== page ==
There is one difference this time. If we extrapolate the capabilities of our mechanical servants, there will come a time when they can take over all of our physical needs. At that point, we only need do the things that we want to do.

The question then will be. Is that a good thing?

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Backstreet Lawrence

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Weekly photo

A photo of a subject or location taken somewhere in or near Lawrence, Ks.

Info on how this game is played


The Carnegie Library building at 9th and Vermont.

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In Plain Sight 10/4/2017

Another image from an obscure (or not) location in Lawrence.

Info on how this game is played

The back of the Aladdin Cafe

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In Plain Sight 9/25/2017

This week’s image of a secret location in the greater Lawrence area.

Here’s the background for these posts.

From the Japanese Friendship Garden next to the Wakins Museum

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In Plain Sight (9/13/2017- early)

I’m out of town, so wanted to get the image up early this week. This might be an easy one…. I’ve kept them all downtown up to now.  Will that trend continue?  This will go on the Lawrence Subreddit tomorrow.


The building

…near 7th and Mass, accross from Free State Brewery

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In Plain Sight 9/7/2017

Below are images of a location in Lawrence, Ks. The locations are usually popular, common, or specifically noteworthy.  This post is a contest that invites readers to identify the subject or location.  Additional images will be added regularly until someone correctly identifies the subject.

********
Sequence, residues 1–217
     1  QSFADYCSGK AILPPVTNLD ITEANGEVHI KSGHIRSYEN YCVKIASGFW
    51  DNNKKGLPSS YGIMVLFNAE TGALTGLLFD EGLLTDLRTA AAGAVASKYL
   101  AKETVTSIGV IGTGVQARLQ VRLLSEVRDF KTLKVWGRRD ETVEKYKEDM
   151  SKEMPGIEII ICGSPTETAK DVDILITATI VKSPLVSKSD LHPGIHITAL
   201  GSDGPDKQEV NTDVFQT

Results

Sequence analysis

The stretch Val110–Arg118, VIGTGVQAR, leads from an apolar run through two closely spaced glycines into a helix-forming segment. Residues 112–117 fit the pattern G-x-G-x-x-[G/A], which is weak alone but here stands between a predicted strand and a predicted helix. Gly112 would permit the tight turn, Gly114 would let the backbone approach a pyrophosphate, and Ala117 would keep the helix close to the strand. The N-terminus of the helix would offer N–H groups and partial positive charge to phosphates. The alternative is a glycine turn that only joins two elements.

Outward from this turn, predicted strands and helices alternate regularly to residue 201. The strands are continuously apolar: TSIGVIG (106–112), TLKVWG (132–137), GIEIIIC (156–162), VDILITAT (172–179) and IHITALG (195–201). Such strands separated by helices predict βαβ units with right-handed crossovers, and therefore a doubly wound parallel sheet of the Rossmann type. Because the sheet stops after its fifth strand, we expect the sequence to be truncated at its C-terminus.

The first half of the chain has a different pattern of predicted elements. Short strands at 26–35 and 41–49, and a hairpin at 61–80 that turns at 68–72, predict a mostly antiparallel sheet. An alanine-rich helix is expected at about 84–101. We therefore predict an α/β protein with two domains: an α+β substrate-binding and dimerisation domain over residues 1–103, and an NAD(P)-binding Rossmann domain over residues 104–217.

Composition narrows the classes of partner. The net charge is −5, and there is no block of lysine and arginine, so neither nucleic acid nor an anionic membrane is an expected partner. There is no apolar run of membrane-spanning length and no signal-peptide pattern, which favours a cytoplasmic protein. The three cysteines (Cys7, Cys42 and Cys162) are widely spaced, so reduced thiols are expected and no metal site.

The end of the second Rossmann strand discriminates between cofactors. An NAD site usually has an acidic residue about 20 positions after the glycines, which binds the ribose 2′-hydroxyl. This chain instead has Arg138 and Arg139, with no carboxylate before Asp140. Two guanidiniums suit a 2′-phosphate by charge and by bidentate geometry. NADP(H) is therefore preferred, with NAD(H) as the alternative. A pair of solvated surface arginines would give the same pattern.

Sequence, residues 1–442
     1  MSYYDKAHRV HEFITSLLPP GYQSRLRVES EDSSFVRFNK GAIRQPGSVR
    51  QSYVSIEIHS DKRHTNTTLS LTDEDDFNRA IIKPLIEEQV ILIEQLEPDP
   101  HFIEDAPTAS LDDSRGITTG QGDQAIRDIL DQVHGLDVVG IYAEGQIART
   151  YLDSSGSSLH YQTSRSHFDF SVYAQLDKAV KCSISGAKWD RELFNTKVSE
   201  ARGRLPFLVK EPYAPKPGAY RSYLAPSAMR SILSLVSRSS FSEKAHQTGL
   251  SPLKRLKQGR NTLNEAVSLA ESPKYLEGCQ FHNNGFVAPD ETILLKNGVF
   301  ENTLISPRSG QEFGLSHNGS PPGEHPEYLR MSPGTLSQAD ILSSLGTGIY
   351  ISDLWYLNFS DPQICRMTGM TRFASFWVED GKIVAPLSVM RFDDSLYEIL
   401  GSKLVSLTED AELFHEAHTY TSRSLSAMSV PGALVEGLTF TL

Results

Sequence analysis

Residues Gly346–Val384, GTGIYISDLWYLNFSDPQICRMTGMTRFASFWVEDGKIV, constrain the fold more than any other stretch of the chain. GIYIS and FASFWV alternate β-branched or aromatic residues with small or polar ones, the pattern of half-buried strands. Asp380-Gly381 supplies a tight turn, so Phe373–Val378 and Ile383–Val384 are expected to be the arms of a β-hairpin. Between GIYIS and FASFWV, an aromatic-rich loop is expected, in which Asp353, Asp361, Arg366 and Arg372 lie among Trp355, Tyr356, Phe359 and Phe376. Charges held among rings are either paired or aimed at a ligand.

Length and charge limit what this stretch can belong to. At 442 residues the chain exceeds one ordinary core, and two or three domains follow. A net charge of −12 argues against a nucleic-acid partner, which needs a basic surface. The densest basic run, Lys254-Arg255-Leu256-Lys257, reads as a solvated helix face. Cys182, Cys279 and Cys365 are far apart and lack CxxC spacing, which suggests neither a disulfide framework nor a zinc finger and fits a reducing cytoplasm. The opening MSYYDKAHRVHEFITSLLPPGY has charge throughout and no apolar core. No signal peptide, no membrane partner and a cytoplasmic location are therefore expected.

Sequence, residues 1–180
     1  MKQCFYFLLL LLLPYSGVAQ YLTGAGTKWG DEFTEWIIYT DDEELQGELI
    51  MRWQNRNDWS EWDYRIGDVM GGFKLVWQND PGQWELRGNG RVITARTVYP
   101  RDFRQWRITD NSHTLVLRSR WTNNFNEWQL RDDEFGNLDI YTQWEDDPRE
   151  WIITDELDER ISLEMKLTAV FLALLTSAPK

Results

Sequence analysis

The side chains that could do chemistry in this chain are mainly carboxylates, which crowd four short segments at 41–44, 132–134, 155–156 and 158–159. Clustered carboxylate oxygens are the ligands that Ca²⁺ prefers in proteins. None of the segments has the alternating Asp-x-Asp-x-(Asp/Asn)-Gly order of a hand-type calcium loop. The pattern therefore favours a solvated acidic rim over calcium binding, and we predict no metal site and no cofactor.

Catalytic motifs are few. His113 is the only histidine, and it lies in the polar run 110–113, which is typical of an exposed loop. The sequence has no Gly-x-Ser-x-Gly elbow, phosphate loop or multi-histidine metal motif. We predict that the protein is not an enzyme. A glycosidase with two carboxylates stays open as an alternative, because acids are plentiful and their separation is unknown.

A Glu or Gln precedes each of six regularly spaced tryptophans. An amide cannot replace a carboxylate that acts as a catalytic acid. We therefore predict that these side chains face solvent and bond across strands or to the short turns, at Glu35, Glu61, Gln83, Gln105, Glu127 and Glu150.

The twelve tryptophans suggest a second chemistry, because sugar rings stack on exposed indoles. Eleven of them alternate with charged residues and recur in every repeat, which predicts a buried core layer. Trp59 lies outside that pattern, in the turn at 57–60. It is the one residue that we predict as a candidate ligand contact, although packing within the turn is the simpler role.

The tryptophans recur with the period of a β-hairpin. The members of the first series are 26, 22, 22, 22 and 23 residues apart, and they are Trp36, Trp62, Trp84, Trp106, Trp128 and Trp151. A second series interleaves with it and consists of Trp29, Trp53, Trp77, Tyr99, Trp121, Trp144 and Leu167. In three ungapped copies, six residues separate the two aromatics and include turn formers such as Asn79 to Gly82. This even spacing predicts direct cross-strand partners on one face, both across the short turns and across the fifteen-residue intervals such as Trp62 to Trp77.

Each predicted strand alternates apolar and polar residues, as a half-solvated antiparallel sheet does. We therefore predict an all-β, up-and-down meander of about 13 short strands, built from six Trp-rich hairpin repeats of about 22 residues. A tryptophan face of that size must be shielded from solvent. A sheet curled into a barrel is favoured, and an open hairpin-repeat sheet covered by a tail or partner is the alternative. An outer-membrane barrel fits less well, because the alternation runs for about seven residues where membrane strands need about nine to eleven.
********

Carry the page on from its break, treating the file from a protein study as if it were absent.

Additional info can be found in this post: 

More of the entire image:

Another angle

And a view from outside

Located in the back of the Amyx Barber shop near 9th and Mass.

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Another summer ends

The pool being emptied.

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Where is this?

Several years ago I had a blog on the LJWorld website. One of the things I did was to take pictures of various subjects around town, crop the image to make it barely recognizable, then invite the readers to identify it. Over a few days, I’d post larger images until someone recognized the location/subject (and posted it in the comments).

The LJWorld took the blogs off their main page and I discontinued that series of posts. Here I’m trying it again.

If you’re interested, you can find my old blog on the LJW here.


You’ll have to go back a couple of pages for the more interesting posts (If, indeed, you find them so), and the formatting of some of the really old posts may be messed up due to software changes on their site.

For now, I’m posting these on the Lawrence subreddit, also.

Here is a second image with more info: